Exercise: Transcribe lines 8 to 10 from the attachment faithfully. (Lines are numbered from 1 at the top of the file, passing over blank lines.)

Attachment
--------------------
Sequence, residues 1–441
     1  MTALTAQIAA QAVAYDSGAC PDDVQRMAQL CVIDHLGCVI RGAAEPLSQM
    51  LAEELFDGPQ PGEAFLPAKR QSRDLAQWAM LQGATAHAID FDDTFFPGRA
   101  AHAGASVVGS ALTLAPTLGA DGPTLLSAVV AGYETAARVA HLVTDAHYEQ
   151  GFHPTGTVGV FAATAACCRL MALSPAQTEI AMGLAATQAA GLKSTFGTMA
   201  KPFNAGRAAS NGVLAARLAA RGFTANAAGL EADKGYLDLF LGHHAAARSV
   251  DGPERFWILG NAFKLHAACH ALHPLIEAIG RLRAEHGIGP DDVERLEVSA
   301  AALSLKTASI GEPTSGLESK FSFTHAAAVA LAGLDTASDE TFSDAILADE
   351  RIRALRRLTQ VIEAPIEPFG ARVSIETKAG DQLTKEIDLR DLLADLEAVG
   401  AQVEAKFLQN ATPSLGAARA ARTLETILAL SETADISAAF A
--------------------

   301  AALSLKTASI GEPTSGLESK FSFTHAAAVA LAGLDTASDE TFSDAILADE
   351  RIRALRRLTQ VIEAPIEPFG ARVSIETKAG DQLTKEIDLR DLLADLEAVG
   401  AQVEAKFLQN ATPSLGAARA ARTLETILAL SETADISAAF A